A banner year for ECM in many respects, 2009 has seen two specific releases that, in their intrepid conceptual cross-pollination, stand poised as contemporary masterpieces. One is composer/sound sculptor Ambrose Field's exploration of 15th Century composer Guillame Dufay's music with tenor John Potter on the forward-thinking Being Dufay
(ECM, 2009); the other is Norwegian keyboardist/composer Jon Balke's Siwan
. Being Dufay
turned music from a European classical environs ultra-modernistic, even for this 21st Century. Balke takes music from Middle Eastern and Spanish sources, spanning over seven centuries, to create world music existing along a broad continuum that features, in addition to Balke's own keyboards, trumpeter Jon Hassell
(whose Last night the moon came dropping its clothes on the street
(ECM, 2009) is another contender for the year's best lists), alongside remarkable North African violinist Kheir Eddine M'Kachiche, singer Amina Alaoui, Iranian zarb
(or tonbak) master Pedram Khavar Zamini, and Norwegian percussionist Helge Norbakken.
Balke also enlists Barokksolistene, 12 Baroque soloists who, in addition to playing still contemporary string instruments, also perform on recorder, clavichord, harpsichord and, notably, the unwieldy archlute
and less-so theorboe
stringed instruments of the lute family. The result is Balke's most ambitious yet accessible album in a string of exceptional ECM albums that includes the more oblique Diverted Travels
(2004), with his ever-shifting Magnetic North Orchestra, and Book of Velocities
(2008), a distinctive and deeply personal solo piano outing. Siwan
possesses an overriding Middle Eastern feel, as Hassell's treated trumpet on "Ya Safwati" meshes with Alaoui's expressive but never melismatic delivery and Balke's architectural approach to its percussion-heavy arrangement, creating music of antiquity living in and out of temporal space. The music provides clear reference points for other Balke releases including Batagraf's Statements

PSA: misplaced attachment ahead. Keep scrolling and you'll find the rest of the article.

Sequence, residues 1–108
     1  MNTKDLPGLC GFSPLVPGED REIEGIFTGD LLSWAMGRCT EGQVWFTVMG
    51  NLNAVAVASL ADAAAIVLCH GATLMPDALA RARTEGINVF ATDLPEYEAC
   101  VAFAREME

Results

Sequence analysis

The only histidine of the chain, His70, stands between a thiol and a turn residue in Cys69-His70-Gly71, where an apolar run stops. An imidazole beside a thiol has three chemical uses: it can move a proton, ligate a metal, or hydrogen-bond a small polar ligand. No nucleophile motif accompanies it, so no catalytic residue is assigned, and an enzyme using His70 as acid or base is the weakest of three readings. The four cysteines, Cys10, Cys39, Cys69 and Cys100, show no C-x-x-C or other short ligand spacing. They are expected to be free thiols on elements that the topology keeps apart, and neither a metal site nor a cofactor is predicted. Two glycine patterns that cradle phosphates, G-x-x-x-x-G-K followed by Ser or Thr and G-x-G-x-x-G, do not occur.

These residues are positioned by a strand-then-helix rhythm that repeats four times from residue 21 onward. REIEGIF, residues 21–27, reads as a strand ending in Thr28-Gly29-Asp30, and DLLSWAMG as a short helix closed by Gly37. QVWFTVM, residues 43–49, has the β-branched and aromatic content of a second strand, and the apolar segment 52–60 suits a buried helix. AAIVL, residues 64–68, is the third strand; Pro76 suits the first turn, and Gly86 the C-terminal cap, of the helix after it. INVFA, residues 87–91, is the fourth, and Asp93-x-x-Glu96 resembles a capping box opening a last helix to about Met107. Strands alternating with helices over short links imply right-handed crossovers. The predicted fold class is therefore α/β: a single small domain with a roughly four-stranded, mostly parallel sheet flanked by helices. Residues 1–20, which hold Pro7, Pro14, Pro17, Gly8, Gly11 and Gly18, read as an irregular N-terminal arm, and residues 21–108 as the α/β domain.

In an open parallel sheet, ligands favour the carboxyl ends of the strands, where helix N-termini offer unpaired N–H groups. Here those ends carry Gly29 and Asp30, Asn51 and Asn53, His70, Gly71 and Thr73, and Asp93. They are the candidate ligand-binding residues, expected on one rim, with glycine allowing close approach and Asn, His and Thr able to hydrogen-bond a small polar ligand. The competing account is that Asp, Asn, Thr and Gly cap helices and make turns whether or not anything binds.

(ECM, 2006), as well as Hassell's lifelong pursuit of his culturally informed but curiously ambiguous Fourth World Music, discussed in greater depth during a 2009 AAJ interview
The equally propulsive "Itimad," from the 11th Century, begins with Hassell's vocal-like horn setting up a subtle call-and-response between Alaoui and M'Kachiche that's filled with nuanced implication, while the instrumental "Tuchia" asserts the album's overall tone early on, as a lush string arrangement contextualizes M'Kachiche's exploratory improvisation. But it's two expansive tracks that close the disc"Thulathiyat" from the 10th Century, and especially Spanish mystic and Carmelite priest San Juan de la Cruz's "Toda Ciencia Trascendiendo"that are its high points. Balke blends complex formal arrangement with unrestricted free expression, the result being a groundbreaking landscape of great beauty, filled with drama and emotional resonance.
Whether or not Siwan
is jazz is unimportant. What is
important is that Balkewhose performance with this group at Mai Jazz 2008
was a festival highlighthas broken down boundaries to create a far-reaching and important album that blends Baroque classicism, North African music, ambient textures and no shortage of improvisational opportunities into one of 2009's best releases, and a clear career highpoint for an artist revered in his own country but grossly undervalued on the international stage. Siwan
deserves to change that.
Personnel: Amina Alaoui: vocal; Jon Hassell: trumpet, electronics; Kheir Eddine M'Kachiche: violin; Jon Balke: keyboards, conductor; Helge Norbakken: percussion; Pedram Khavar Zamini: zarb; Barokksolistene: Bjarte Eike: violin, leader; Per Buhre: violin; Peter Spissky: violin; Anna Ivanovna Sundin: violin; Miloš Valent: violin; Rastko Roknic: viola; Joel Sundin: viola; Tom Pitt: cello; Kate Hearne: cello, recorder; Mattias Frostensson: double-bass; Andreas Arend: theorboe, archlute; Hans Knut Sveen: harpsichord, clavichord.